Most high stakes crimes require skill, bravado and planning…but few stir the public imagination or require the meticulous efforts of fine art frauds. Word of Mouth goes behind the scenes of the museum world, starting with a story about the extreme lengths art forgers will travel to dupe their marks. Then we take a look at the many dangers art can face….inside the museum. And, museums use digital and forensic technology to solve complicated art mysteries. Sometimes, it’s just old fashioned detective work…we’ll talk to a costume historian and dress detective about her work here in New Hampshire. Join us for a day at the museum.
Listen to the full show.
Anthony Amore is chief investigator at the Isabella Stewart Gardner museum in Boston, and author of The Art of the Con: the Most Notorious Fakes, Frauds and Forgeries in the Art World. Amore explores the rise and fall of a great many master forgers – from the cunning to the delusional, including one who he says may be the very best of them all.
Rick Abath was the unlucky guard on duty that fateful night back in march of 1990, who was tricked into opening the door to the Isabella Stewart Gardner Museum. Twenty-five years after the robbery, he sat down with Storycorps to share his story with his wife, Diana. Their conversation will be archived, along with all Storycorps interviews, at the Library of Congress.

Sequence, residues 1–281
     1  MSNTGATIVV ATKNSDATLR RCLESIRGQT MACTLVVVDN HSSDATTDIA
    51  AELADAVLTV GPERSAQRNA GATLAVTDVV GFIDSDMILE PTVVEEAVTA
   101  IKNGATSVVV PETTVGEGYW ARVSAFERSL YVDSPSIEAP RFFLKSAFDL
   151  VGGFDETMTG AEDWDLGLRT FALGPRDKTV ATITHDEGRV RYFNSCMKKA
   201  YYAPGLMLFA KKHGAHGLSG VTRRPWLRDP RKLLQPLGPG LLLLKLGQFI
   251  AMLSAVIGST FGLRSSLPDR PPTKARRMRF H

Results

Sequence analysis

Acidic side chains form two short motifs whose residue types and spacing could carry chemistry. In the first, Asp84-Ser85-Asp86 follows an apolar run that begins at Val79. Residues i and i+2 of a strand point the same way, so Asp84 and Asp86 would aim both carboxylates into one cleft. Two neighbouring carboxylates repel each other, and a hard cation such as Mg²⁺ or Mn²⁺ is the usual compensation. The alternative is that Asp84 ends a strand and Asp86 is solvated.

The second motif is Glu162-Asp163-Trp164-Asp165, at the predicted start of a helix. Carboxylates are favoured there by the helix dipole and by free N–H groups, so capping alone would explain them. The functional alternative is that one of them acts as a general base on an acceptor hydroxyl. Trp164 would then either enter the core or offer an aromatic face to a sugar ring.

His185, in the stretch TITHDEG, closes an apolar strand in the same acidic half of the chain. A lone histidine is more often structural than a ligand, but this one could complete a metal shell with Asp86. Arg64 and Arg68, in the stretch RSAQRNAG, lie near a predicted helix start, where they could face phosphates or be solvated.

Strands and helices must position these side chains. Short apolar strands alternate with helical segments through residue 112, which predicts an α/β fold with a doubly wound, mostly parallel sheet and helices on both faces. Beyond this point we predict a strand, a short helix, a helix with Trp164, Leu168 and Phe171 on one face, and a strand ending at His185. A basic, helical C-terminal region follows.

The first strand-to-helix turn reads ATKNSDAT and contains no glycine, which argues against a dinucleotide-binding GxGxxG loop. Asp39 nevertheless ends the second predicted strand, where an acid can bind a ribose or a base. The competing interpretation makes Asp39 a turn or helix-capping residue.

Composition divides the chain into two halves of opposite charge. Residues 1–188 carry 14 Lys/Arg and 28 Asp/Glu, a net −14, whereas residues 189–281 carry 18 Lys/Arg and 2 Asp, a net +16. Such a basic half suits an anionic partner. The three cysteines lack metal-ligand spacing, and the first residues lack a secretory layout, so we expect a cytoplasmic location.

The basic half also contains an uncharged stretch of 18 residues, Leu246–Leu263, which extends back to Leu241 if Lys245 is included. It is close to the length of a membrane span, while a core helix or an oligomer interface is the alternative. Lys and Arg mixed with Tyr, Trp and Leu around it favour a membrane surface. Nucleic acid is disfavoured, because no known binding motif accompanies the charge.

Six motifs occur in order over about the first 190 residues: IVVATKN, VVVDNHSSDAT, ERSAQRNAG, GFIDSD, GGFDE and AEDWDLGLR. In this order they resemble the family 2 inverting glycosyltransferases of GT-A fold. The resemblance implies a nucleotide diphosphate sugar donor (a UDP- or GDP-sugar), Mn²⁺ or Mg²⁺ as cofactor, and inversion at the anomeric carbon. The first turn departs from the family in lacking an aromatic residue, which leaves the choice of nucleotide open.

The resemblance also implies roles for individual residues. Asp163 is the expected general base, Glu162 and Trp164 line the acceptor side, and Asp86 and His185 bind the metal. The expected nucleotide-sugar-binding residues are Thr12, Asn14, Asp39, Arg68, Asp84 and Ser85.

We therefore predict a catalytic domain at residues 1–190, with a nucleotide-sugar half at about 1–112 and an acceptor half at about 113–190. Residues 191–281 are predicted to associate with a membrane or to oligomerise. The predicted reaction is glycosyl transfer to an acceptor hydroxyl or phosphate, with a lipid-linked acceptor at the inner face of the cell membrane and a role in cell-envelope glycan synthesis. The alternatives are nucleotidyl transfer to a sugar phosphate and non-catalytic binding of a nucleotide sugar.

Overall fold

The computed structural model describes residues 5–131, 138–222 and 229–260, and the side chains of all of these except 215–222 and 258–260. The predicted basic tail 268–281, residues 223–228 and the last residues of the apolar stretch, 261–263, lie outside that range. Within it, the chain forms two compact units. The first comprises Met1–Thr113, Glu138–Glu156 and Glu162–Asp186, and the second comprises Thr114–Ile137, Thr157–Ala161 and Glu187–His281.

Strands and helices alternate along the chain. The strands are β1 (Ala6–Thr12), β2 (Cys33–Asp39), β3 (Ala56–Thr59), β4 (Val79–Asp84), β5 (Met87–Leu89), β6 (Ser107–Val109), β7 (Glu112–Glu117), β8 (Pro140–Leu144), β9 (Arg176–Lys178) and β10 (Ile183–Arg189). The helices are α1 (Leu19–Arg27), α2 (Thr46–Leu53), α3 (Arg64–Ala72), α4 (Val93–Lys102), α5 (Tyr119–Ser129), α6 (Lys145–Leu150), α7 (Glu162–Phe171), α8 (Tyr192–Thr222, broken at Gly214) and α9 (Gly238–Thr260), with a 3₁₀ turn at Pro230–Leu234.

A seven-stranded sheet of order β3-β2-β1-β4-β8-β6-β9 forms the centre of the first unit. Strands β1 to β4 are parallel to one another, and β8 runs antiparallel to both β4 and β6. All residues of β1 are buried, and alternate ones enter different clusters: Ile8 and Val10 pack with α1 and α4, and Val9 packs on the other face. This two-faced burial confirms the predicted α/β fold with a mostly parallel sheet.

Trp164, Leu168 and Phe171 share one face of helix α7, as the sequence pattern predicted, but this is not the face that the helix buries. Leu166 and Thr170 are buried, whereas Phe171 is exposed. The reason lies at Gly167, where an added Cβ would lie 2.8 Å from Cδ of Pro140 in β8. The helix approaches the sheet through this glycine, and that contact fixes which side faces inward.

You can listen to this story again at Storycorps.org.
When it comes to guiding patrons and tour groups, most museums supplement their professional staff with volunteer docents, but sometimes the free help is not so helpful. Ellen Gamerman wrote about “Docents Gone Wild” for the Wall Street Journal.
Carolyn Thome is an Exhibits Specialist Digital Model Maker for the Smithsonian institution. She spoke to us about how 3D printing is changing museums. We first read about her work from the Atlantic and you can check out a collection of 3D printed artifacts from the Smithsonian here!
Astrida Schaeffer curated an exhibit called “Embellishments: Constructing Victorian Detail”, which is on view at the Portsmouth Athenaeum until November 6th. The show features a number of striking dresses from the late 19th century, each with its own backstory.
Producer Ari Erlbaum brought us this profile of the founder of a museum in Portland, Maine who spends his days searching for clues about creatures that might not exist.
You can listen to this story again at PRX.org.